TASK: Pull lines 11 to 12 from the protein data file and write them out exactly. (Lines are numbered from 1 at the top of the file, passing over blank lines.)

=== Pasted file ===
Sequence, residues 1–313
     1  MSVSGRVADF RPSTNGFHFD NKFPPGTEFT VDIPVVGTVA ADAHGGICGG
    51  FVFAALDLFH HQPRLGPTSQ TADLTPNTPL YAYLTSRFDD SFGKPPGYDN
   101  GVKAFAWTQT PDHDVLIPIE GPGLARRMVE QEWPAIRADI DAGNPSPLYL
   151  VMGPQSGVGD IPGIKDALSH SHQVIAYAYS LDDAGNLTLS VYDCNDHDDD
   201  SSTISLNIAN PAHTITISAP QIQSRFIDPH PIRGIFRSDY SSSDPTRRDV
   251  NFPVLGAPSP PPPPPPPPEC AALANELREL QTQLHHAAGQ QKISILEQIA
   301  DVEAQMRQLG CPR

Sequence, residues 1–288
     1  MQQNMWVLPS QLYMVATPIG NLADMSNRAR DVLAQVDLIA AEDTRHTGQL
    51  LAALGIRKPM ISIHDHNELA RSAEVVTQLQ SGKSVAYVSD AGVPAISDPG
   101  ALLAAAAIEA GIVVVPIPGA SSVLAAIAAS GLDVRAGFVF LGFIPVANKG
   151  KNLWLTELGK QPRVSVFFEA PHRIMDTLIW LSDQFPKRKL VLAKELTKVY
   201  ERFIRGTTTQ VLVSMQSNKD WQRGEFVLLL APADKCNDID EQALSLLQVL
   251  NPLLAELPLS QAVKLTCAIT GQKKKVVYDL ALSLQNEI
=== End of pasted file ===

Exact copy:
    51  LAALGIRKPM ISIHDHNELA RSAEVVTQLQ SGKSVAYVSD AGVPAISDPG
   101  ALLAAAAIEA GIVVVPIPGA SSVLAAIAAS GLDVRAGFVF LGFIPVANKG